To all BC EMN Members,
As 2022 reaches a close, I want to personally thank all practitioners providing emergency care in BC for all that you have done to give emergency patients the best experience possible.
Many of us felt that widespread vaccinations would settle down the COVID-19 pandemic and lead us back to a more normal, steady state. Sadly that turned out not to be the case, as the pandemic continues (although slowed), flooding isolated communities and disrupted supply chains, a heat dome caused unprecedented deaths and now, an exceptional flu season is on the rise. Our colleagues (physicians, nurses and allied health professionals) continue to suffer from the unrelenting stress, with burnout or moral distress like we have never seen before. The health consequences due to the reduced system capacity and increased health care demand are still to be tabulated.
The hardest part of this crisis is that it has not always been possible to provide an optimal experience for patients. This is devastating, causing many to walk away from emergency care or health care altogether, resulting in further shortcomings and deterioration in the system of patient care. (Read this article for a commentary on the national ER crisis.)
I despair over what those who have left practice must have felt and are still feeling, and am awed by the courage and resilience of those who remain and every day give more than they should ever be expected to give.
The BC Emergency Medicine Network has always supported best practices through its four core pillars: point-of-care clinical resources, enhancement of experiential simulation learning, innovation and preventative research programs and supporting the sustainability of real time virtual support for patients and peers. Although we have achieved a lot, we have much more to do, guided by your needs.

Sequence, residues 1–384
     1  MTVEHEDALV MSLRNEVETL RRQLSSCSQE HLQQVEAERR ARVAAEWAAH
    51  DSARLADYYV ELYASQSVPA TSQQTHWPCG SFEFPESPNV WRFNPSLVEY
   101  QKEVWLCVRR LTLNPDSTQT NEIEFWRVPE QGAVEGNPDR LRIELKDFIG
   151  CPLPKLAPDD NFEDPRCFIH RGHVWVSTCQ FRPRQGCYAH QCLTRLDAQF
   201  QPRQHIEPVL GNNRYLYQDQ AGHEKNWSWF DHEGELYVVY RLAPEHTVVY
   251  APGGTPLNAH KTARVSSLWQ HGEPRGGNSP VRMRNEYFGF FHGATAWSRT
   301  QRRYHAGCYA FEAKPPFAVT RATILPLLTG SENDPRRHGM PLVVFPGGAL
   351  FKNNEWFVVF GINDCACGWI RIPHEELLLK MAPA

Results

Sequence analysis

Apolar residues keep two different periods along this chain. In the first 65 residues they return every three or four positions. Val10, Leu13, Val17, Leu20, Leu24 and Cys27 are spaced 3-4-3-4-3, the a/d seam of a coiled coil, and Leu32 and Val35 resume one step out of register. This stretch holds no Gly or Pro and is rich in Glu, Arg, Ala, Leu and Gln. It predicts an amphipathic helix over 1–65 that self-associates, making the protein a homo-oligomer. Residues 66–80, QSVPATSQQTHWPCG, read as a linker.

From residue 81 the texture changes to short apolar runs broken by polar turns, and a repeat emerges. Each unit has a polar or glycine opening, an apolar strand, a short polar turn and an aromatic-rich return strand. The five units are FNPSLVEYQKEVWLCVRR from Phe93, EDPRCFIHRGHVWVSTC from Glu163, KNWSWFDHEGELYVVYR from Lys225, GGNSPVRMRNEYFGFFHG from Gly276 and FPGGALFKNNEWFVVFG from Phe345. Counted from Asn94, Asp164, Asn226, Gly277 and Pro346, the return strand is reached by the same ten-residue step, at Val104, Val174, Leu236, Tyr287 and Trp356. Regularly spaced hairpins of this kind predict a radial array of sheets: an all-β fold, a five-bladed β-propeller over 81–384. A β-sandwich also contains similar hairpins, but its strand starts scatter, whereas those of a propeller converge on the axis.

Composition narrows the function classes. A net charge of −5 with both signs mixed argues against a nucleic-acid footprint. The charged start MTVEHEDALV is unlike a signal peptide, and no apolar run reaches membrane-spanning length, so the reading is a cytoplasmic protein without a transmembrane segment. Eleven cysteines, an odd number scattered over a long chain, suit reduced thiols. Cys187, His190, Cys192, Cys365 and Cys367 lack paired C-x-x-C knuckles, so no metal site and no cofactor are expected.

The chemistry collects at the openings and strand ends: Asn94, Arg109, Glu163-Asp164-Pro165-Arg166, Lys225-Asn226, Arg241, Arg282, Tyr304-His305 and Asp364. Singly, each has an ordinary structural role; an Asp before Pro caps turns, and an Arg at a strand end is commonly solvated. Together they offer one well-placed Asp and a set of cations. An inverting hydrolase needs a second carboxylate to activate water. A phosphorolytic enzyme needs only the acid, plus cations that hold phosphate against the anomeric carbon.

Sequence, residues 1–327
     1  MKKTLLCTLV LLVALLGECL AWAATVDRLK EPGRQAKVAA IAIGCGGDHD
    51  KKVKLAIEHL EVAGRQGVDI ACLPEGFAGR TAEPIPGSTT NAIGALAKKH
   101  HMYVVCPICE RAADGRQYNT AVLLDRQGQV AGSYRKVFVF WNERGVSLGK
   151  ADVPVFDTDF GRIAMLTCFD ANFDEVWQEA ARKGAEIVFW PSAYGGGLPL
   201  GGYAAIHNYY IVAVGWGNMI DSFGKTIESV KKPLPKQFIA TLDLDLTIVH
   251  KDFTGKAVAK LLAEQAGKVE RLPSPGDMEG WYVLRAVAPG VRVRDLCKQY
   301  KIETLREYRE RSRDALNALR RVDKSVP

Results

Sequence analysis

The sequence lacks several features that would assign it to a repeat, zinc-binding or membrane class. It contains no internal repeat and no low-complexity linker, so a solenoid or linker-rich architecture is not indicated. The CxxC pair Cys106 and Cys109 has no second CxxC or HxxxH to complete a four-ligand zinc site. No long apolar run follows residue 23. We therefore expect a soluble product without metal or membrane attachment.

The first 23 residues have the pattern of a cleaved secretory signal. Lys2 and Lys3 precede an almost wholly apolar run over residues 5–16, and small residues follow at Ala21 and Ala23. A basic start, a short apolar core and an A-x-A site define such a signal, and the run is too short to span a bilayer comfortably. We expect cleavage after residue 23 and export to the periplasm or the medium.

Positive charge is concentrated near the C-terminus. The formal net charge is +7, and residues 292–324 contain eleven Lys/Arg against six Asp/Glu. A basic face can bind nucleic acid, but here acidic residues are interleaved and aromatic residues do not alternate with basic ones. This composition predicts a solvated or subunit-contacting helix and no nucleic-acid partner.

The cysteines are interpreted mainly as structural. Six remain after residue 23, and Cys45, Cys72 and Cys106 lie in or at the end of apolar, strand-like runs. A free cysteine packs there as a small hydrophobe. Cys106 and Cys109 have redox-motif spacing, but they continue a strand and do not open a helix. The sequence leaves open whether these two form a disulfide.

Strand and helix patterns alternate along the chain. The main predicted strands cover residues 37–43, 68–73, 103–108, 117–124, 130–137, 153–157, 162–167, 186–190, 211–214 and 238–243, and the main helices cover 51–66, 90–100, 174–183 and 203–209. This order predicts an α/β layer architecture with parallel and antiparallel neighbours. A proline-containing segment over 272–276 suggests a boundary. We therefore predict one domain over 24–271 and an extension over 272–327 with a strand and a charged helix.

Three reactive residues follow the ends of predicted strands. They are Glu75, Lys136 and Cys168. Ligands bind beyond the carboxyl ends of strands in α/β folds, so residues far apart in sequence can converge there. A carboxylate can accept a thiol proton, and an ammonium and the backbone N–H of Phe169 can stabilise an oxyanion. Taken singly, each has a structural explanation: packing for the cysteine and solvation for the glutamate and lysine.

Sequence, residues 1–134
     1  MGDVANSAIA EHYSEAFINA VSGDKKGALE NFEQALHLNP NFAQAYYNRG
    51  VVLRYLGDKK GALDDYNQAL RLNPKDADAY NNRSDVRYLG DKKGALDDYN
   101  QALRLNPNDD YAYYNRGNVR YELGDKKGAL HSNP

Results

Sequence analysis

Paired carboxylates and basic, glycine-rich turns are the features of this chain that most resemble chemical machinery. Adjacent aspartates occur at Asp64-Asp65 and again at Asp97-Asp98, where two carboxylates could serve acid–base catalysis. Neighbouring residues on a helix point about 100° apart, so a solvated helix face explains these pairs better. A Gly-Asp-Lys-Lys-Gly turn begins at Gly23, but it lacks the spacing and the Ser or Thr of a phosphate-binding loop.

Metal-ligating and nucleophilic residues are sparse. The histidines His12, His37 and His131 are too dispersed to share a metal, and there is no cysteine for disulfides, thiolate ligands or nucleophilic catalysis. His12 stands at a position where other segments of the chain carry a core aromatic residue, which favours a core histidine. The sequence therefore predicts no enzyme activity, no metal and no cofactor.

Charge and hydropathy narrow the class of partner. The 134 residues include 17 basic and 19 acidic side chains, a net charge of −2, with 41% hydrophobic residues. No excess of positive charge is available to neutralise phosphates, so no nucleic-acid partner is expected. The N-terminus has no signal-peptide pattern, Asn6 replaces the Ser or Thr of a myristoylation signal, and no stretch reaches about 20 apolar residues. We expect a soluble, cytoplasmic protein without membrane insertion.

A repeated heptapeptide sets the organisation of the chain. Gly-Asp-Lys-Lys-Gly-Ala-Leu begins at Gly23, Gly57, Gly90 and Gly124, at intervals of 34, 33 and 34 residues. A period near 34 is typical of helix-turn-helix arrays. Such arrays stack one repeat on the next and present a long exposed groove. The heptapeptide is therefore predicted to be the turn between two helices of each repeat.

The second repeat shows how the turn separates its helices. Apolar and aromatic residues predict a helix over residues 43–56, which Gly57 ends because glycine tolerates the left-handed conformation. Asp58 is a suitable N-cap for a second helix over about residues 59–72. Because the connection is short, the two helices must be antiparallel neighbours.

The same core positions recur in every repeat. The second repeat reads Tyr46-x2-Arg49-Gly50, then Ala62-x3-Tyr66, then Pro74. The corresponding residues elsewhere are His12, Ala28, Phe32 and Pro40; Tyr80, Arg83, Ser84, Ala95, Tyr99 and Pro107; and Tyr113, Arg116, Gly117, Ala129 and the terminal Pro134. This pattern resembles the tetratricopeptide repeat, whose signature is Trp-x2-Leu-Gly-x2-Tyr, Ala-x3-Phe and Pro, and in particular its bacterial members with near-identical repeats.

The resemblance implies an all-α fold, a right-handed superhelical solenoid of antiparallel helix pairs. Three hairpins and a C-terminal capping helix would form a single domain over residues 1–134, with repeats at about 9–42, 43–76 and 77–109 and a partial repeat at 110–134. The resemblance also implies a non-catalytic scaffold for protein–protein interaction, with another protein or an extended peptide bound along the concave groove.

Looking ahead to 2023, we will have more capability to enhance practitioner support but also be the voice of the emergency care community in policy discussions on improving the environment in our emergency departments. We all know the main system impediments: staff shortages, overcrowding and emergency department closures. We will work to remove these and other barriers to providing the best care possible. In addition to supporting practitioners with individual patient care, we hope to play a greater role in system improvements that will enable all practitioners to give their best and provide patients the care they deserve.
Although not always recognized, emergency care is a critical element of our health care system; it supports primary care, unplanned patient needs and is the entry point to the acute care system. Many of our current problems stem from unmet needs in primary care and acute hospital care, as well as delays in specialist diagnoses and treatments. A strong voice from the emergency community to work on system improvements in and beyond the emergency setting will be very important to improve the patient and provider experience. We will only be effective with your help.
Together, we can play a real role in improving the emergency care system to give patients and practitioners the best possible experience.
The BC EMN looks forward to the challenge!
Warm regards to you all,
Dr. Jim Christenson
Executive Medical Director, BC EMN
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